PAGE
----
The tarnished reputation of McKinsey & Company will endure yet more scrutiny this week when the defense in the insider trading case of Raj Rajaratnam gets its shot at the prosecution's star witness. That man, Anil Kumar, is a former McKinsey senior partner who last week gave detailed testimony regarding his illegal cooperation with the defendant. Now, Rajaratnam's legal team seeks to discredit Kumar's testimony by portraying the ex-McKinsey partner as a convicted felon whose "monstrous" accusations represent little more than an attempt to have time shaved off his imminent prison sentence.
Kumar, 52, plead guilty to charges related to insider trading last year and faces up to 25 years in federal prison for his offenses. In last week's testimony, Kumar detailed the nature of his relationship with Rajaratnam: in exchange for cash (totaling almost $3 million), which was routed to offshore banks in other people's names, Kumar gave Rajaratnam secrets about the confidential business dealings of McKinsey clients. Raj Raj, the top man at under-fire hedge fund Galleon Group, used that information to amass roughly $20 million in profit, the evidence suggests. Telephone conversations recorded via secret government wiretaps appeared to corroborate Kumar's testimony.
Longtime friends do battle in federal court.
But Rajaratnam's legal defense team, headed by Akin Gump rainmaker John Dowd, plans to paint a very different picture when it takes aim at Kumar this week. "Kumar was paid consulting fees for his advice and guidance in the Indian and South Asian investment markets," Dowd said in opening statements to the jury, suggesting that any payments between the pair were legitimate. Any contrary notion would amount to a "monstrous lie", Dowd said, bracing jurors for Kumar's testimony, which last week fulfilled Dowd's expectations. But why would Kumar, a soft-spoken McKinsey exec who has appeared to show genuine remorse for his transgressions, lie about the involvement of Rajaratnam, a longtime friend since business school and fellow India native? Dowd says that Kumar is simply trying to suggest that "Raj made him do it" in order to deflect blame and curry favor among government prosecutors ahead of his fast-approaching sentencing for securities fraud. "He is now facing 25 years in prison and the only way out is for him to testify to the prosecutor’s satisfaction against Raj," the defense attorney said.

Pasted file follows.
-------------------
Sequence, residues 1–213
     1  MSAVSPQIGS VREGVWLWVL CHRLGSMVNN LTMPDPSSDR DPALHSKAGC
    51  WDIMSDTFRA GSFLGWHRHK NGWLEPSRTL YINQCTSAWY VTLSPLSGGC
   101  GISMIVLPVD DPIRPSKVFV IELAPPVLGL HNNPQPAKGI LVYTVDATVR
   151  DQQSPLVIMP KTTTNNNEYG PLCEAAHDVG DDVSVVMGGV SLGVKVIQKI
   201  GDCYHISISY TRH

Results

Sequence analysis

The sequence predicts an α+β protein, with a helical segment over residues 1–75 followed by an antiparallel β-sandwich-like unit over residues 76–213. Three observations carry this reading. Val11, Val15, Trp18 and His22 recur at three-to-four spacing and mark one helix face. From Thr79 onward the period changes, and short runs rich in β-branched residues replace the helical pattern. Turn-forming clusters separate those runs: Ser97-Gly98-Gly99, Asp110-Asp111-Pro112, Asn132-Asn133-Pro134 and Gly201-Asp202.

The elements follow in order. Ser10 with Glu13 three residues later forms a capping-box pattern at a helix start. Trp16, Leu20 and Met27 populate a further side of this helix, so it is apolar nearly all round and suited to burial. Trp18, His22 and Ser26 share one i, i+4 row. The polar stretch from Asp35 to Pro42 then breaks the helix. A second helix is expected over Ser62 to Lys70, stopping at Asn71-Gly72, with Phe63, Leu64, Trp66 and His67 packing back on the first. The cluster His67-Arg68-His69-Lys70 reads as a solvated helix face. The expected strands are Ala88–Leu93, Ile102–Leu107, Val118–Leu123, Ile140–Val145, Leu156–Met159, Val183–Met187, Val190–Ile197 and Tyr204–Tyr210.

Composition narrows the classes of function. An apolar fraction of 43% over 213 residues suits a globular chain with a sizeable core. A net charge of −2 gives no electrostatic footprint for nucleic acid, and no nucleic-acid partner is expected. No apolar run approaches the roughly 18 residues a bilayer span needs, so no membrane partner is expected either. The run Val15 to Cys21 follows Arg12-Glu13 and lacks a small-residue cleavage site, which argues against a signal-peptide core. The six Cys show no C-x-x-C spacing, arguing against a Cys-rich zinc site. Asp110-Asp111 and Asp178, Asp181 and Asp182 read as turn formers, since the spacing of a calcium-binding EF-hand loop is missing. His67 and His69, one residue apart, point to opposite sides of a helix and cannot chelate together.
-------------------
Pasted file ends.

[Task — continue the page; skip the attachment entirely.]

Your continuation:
This week's developments could represent something of a double-edged sword for McKinsey, still reeling from the effects of a scandal that has implicated at least three of its own higher-ups.
If the defense succeeds in discrediting the already-disgraced Kumar, his testimony will likely be considered far less damaging to Rajat Gupta, the former McKinsey managing director whose ties to Rajaratnam and Goldman Sachs attracted the attention of SEC investigators earlier this month. Kumar faces the prospect of being depicted as a lone agent of corruption in the McKinsey organization, freeing the prestigious firm from implication as a haven of less-than-legal business practices.
Conversely, a courtroom smear campaign against Kumar could reveal further misdeeds on behalf of McKinsey consultants or the organization at large. The defense has no ties—and consequently, no allegiance—to McKinsey, leaving the firm vulnerable to Dowd's attempts to discredit Kumar (and maybe even Gupta, down the line).
And, of course, if Dowd fails to convince jurors that Kumar is anything other than a disgraced, remorseful businessman coming clean before the law, Gupta will be justifiably worried. With a credible, (relatively) sympathetic witness on their side, government prosecutors will be licking their lips at the chance to portray McKinsey's star man as anything but.
Click here to see a transcript of a recorded conversation between Kumar and Rajaratnam, in which they clearly refer to Gupta's involvement in their scheme due to his position on the board at Goldman Sachs.
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